Seminars

  • Founded
    2010
  • Seminar Number
    735

“Sites of Cinema” takes a new approach to the question of cinema at the moment when cinema is said to be in decline, even in some accounts said to be facing its “death.” At this moment, when are focused on a convergence of moving image forms into a single delivery system we take up divergence over convergence, a divergence. Alternative to André Bazin’s question “What is Cinema?” “Sites of Cinema” will ask “Where is Cinema?” Where has it been seen to be and where will it be spaced in the future—as theoretical construct, national culture, material object, artistic work, social practice and space of exhibition. Cinema has moved and is still moving—from theatrical stages to museum walls, in and on buildings as well as within historical nations and regions of the world. “Sites of Cinema” signals our interest in site-specific cinemas plural but also cinema as a total apparatus—the “cinema of the mind” for the mass audience.


Co-Chairs
Professor Nico Baumbach
nb2428@columbia.edu

Professor Jane Gaines
jmg2196@columbia.edu

Rapporteur
Carlos Gutierrez Aza
ceg2202@columbia.edu


All seminars will meet over Zoom for the 2020-2021 academic year. Meeting links provided upon RSVP. Meeting dates and times are subject to change. 

Meeting Schedule

09/25/2020 Online Meeting
2:00 PM
Here and Now: Queer Radical Changes through the Lens of Buddhism
Victor Fan, Kings College London (England, UK)
Abstract

Abstract

On March 31, 2020, I was asked by Queer Asia, a London-based cultural and research group, to be in their summer panel to discuss queer politics and radical changes. This opportunity inspired me to rethink how a Buddhist understanding of media can help us address two questions: (1) How can we initiate radical changes when politics and humanity seem to be beyond reparation? (2) Why is it important to think about the cinema at this moment and what can it do in the process of reparation?

Based on my forthcoming book Illuminating Reality (University of Minnesota Press), my presentation will address these two questions by using Zen Buddhism’s understanding of technicity-consciousness and the concept of here and now, and by establishing a conversation between these notions with Brian Massumi’s idea of ontopower. I am especially interested in examining how contemporary independent Chinese and Sinophone queer filmmakers mobilize similar thoughts and strategies as modes of political activism.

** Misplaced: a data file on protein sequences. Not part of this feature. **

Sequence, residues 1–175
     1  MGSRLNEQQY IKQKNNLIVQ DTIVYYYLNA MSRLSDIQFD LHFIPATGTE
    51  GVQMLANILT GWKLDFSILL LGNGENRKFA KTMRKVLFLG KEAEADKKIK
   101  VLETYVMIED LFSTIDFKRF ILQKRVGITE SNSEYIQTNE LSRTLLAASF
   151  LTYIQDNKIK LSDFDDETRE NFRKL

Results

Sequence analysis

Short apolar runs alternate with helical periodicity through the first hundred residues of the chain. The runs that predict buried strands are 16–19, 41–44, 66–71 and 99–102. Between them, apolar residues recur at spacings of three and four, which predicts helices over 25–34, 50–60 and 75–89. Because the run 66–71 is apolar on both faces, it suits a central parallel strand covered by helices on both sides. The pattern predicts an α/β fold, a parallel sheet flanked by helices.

Respondent: Ronald Gregg, Columbia University



10/23/2020 Online Meeting
12:00 PM
Panel Discussion of 'Bombay Hustle: Making Movies in a Colonial City' by Debashree Mukherjee (Columbia University Press, 2020)
Jennifer M. Bean, University of Washington

Nitin Govil, University of Southern California

Debashree Mukherjee, Columbia University
Abstract

Abstract

From starry-eyed fans with dreams of fame to cotton entrepreneurs turned movie moguls, the Bombay film industry has historically energized a range of practices and practitioners, playing a crucial and compelling role in the life of modern India. Bombay Hustle presents an ambitious history of Indian cinema as a history of material practice, bringing new insights to studies of media, modernity, and the late colonial city. Drawing on original archival research, Mukherjee develops the concept of a “cine-ecology” to study the bodies, technologies, and environments that collectively shaped the production and circulation of cinematic meaning during the talkie transition of the 1920s-1940s. She examines diverse sites of film production -- finance, pre-production paperwork, casting, screenwriting, acting, stunts --- to show how speculative excitement jostled against desires for scientific management in an industry premised on the struggle between contingency and control. The book thus brings into view a range of marginalized film workers, their labor and experiences; forgotten film studios, their technical practices and aesthetic visions; and overlooked connections between media practices, geographical particularities, and historical exigencies.



12/04/2020 Online Meeting
12:00 PM
Seeing Films by Electricity
Doron Galili, Stockholm University (Sweden)
Abstract

Abstract